There are two primary arguments made today to justify baptism. I once made them and practically every denomination does the same. The argument will inevitably start in the Gospel of Matthew with the ministry of John the Baptist. Matthew 3:1-12, "In those days came John the Baptist, preaching in the wilderness of Judaea, (2) And saying, Repent ye: for the kingdom of heaven is at hand. (3) For this is he that was spoken of by the prophet Esaias, saying, The voice of one crying in the wilderness, Prepare ye the way of the Lord, make his paths straight. (4) And the same John had his raiment of camel's hair, and a leathern girdle about his loins; and his meat was locusts and wild honey. (5) Then went out to him Jerusalem, and all Judaea, and all the region round about Jordan, (6) And were baptized of him in Jordan, confessing their sins. (7) But when he saw many of the Pharisees and Sadducees come to his baptism, he said unto them, O generation of vipers, who hath warned you to flee from the wrath to come? (8) Bring forth therefore fruits meet for repentance: (9) And think not to say within yourselves, We have Abraham to our father: for I say unto you, that God is able of these stones to raise up children unto Abraham. (10) And now also the axe is laid unto the root of the trees: therefore every tree which bringeth not forth good fruit is hewn down, and cast into the fire. (11) I indeed baptize you with water unto repentance: but he that cometh after me is mightier than I, whose shoes I am not worthy to bear: he shall baptize you with the Holy Ghost, and with fire: (12) Whose fan is in his hand, and he will throughly purge his floor, and gather his wheat into the garner; but he will burn up the chaff with unquenchable fire."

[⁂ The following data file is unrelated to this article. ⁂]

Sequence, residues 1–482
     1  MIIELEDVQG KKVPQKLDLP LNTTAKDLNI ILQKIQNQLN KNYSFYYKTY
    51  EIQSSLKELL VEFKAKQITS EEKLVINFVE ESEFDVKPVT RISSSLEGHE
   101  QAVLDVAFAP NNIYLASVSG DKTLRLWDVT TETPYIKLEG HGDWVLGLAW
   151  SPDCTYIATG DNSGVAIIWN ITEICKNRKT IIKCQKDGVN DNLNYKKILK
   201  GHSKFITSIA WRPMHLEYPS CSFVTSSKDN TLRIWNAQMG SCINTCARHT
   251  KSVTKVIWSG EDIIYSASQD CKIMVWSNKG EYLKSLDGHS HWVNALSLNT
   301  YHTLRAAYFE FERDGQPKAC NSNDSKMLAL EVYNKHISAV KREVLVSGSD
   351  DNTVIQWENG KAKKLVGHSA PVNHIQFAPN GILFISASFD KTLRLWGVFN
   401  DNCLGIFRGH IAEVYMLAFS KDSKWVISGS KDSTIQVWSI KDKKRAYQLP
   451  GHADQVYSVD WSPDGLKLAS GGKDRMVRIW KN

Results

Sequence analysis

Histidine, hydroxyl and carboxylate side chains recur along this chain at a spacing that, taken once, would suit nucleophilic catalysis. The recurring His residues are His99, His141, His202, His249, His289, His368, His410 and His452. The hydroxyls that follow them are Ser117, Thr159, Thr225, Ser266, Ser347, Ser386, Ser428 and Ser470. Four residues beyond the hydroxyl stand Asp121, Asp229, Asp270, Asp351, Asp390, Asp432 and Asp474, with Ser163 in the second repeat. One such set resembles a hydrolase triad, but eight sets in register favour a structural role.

So, who was John baptizing? Jews. His baptism was called the baptism of repentance. However, he also says that Jesus, the one who would come after him and mightier than he, was going to baptize them also, not with water, but with the Holy Ghost and with Fire. That begs the question, "When were they to be baptized with the Holy Ghost?" Well, that happened at Pentecost for those who believed. Well, "When were they to be baptized with fire?" The context makes it clear that the fire baptism that is was not a good thing and it is not the "fire" experience that many charismatics talk about today. Notice the colon at the end of verse 11? They are used before explanations or reasons. Therefore, verse 12 gives the explanation of the reason for this fire baptism. It is obviously about a judgment that was to come after the nation had repented, i.e. Tribulation.
There is a fourth baptism mentioned in Luke 12:49-50 where our Lord said, "I am come to send fire on the earth; and what will I, if it be already kindled? (50) But I have a baptism to be baptized with; and how am I straitened till it be accomplished!" This was a reference to when God the Father baptized his Son with the sins of the world on the cross.